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0.2.0 Feb 12, 2024
0.1.3 Feb 9, 2024
0.1.2 Feb 7, 2024
0.1.1 Feb 7, 2024
0.1.0 Feb 7, 2024

#1756 in Rust patterns

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runtime-contracts: Structured, understandable runtime contracts for Rust.

For background, context, and usage examples, please see the crate documentation.


If you find a problem, please open an issue. Suggestions are welcome!


  • Simple contracts expressable via straightforward utlity functions.
  • Contracts as functions/closures.
    • Would it be as simple as type RuntimeContractFunction<T> = dyn Fn(T) -> Result<T> or would we need more?
  • Contract composition (assume we at least want monoidal composition).
    • If contracts are functions, can we just use function composition?
    • Do we need or want a RuntimeContract struct to encapsulate contract specifics and provide combinators like Result and Option?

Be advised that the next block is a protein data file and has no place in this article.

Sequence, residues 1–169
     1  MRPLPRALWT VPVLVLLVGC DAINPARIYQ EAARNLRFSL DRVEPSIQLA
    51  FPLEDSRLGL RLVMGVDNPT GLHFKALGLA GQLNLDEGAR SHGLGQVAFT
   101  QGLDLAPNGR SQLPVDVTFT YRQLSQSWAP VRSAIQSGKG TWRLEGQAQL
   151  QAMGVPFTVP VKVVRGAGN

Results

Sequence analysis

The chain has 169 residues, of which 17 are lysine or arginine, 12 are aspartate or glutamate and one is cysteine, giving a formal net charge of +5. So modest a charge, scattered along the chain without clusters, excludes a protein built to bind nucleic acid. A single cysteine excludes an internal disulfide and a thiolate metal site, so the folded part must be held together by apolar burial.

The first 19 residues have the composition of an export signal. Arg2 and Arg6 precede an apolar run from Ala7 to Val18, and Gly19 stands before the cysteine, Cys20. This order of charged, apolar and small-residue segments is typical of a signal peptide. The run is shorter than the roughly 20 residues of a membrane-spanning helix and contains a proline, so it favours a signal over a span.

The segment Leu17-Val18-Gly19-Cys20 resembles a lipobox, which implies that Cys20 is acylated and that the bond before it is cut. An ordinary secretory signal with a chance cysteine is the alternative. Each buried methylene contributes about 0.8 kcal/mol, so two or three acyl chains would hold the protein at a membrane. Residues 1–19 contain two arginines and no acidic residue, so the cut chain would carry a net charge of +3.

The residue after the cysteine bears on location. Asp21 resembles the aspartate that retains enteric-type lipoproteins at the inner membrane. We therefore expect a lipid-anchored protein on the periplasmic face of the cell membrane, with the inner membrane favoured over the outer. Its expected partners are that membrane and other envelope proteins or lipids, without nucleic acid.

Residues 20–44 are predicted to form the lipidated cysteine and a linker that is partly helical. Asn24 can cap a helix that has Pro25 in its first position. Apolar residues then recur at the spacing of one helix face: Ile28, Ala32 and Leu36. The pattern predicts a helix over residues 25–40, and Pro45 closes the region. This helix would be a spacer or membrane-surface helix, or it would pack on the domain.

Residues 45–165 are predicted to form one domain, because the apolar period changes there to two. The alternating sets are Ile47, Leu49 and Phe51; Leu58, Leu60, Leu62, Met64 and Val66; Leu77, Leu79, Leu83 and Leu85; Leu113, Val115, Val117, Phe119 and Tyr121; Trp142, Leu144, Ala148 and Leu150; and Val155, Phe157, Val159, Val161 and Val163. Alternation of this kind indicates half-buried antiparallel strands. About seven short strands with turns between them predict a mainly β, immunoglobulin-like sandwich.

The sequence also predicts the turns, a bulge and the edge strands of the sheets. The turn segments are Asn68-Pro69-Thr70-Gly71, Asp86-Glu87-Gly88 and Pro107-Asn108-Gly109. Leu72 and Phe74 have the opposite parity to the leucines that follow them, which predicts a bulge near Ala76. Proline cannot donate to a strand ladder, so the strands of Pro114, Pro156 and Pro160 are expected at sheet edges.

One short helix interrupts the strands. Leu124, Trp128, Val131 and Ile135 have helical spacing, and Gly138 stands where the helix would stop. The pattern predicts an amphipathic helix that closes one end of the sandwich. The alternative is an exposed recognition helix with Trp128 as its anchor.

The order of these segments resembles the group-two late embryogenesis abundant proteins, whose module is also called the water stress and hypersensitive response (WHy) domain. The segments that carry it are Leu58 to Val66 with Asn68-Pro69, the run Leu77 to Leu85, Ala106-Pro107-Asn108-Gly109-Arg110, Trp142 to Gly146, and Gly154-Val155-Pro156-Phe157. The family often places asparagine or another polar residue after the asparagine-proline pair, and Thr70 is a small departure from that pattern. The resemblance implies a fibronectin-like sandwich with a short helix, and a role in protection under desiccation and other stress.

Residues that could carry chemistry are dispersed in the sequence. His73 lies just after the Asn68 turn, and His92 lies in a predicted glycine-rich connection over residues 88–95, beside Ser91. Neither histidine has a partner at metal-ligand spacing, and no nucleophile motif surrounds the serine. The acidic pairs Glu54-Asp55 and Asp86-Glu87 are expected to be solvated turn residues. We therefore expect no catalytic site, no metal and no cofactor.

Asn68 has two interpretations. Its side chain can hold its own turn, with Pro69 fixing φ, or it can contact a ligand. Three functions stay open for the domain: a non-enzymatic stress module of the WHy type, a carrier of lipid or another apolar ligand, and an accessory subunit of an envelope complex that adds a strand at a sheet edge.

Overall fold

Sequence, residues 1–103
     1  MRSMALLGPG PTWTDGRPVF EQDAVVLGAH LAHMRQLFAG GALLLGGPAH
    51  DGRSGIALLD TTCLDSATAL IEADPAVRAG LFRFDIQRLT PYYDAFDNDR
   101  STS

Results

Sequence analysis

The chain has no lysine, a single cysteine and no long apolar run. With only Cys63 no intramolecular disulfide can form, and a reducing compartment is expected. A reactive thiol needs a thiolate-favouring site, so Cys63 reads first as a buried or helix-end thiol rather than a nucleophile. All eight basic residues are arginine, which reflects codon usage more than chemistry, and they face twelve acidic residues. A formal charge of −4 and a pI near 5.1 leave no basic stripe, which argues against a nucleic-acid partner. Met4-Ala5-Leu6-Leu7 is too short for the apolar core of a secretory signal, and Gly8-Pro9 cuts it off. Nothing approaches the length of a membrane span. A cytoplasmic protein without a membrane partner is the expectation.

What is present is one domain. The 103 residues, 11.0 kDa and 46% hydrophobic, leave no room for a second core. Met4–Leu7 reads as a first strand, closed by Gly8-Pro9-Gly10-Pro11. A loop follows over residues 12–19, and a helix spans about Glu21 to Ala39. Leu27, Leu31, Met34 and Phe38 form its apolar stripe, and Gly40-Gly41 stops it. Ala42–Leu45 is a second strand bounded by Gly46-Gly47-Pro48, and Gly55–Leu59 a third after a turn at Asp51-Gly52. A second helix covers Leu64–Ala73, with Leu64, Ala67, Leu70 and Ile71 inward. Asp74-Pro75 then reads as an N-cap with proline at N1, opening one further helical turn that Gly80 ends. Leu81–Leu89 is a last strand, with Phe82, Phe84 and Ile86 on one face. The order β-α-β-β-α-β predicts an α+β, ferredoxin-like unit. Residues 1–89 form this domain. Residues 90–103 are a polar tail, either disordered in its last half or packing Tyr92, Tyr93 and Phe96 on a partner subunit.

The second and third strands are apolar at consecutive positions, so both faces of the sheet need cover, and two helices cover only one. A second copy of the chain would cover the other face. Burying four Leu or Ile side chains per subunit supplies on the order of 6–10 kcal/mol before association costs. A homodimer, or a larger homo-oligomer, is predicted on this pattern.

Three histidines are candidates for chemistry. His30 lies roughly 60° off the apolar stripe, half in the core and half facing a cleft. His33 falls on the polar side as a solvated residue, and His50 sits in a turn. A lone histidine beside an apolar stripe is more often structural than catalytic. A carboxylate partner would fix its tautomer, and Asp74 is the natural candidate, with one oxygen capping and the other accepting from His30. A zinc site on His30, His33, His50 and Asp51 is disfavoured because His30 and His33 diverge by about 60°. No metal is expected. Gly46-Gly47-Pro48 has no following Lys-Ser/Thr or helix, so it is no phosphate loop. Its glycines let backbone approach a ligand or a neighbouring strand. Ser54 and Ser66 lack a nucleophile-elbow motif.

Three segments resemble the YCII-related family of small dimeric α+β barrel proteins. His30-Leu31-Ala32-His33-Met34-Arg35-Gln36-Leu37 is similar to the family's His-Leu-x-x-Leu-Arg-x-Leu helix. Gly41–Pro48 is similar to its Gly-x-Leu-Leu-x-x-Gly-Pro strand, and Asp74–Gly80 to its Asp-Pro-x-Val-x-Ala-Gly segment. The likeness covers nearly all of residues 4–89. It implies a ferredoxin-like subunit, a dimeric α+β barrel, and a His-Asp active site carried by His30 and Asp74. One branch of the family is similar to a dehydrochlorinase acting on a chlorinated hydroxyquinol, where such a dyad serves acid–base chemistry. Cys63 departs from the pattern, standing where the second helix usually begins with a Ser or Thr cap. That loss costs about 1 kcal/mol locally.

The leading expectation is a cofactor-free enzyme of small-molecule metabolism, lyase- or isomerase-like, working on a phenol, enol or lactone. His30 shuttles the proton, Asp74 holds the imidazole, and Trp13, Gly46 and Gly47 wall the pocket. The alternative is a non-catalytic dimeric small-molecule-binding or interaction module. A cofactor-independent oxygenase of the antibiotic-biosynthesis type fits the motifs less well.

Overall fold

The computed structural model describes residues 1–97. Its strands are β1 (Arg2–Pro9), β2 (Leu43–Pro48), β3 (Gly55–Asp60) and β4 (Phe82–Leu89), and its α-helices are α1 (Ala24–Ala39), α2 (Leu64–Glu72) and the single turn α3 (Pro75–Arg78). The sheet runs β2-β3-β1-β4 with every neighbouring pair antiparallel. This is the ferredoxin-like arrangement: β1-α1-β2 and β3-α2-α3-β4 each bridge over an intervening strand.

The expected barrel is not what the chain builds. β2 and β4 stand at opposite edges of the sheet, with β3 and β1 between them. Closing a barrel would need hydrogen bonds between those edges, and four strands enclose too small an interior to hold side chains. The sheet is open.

Structured, understandable runtime contracts.

While many languages have contract libraries, many opt to compile them only in debug and test builds. The reasoning behind this choice seems to be that they don't wish to incur a performance penalty in production. A notable exception is Racket's contracts module, itself a work of art. In this library, we eschew this concern in the name of both runtime safety and program correctness.

This crate wishes to make it easier for practitioners building software to use and understand Programming-by-Contract. The philosophy is directly inspired by the Design-by-Contract (DbC) concept expressed by noted Computer Scientist, Dr. Betrand Meyer when designing the Eiffel programming language in 1986.

Additionally, much thanks goes to the contracts crate which implements contacts as procedural macros. Definitely check it out!


Though this example uses the crate's own error type, you can substitute whatever you wish so long as it works.

use runtime_contracts::{check, ensures, requires, error::RuntimeContractError, Result};

fn refund_loyalty_points(account_id: &str, point_amount: usize) -> Result<usize> {
  requires(|| account_id.len() == 32, "malformed account ID")?;
  requires(|| point_amount % 2 == 0, "attempting to refund an odd number of points")?;

  let account = load_account(account_id);
  let starting_balance = account.balance;
  let closing_balance = account.add_to_balance(point_amount)?;

  ensures(closing_balance, |balance| balance - point_amount == starting_balance, "points were not added to account")


~19K SLoC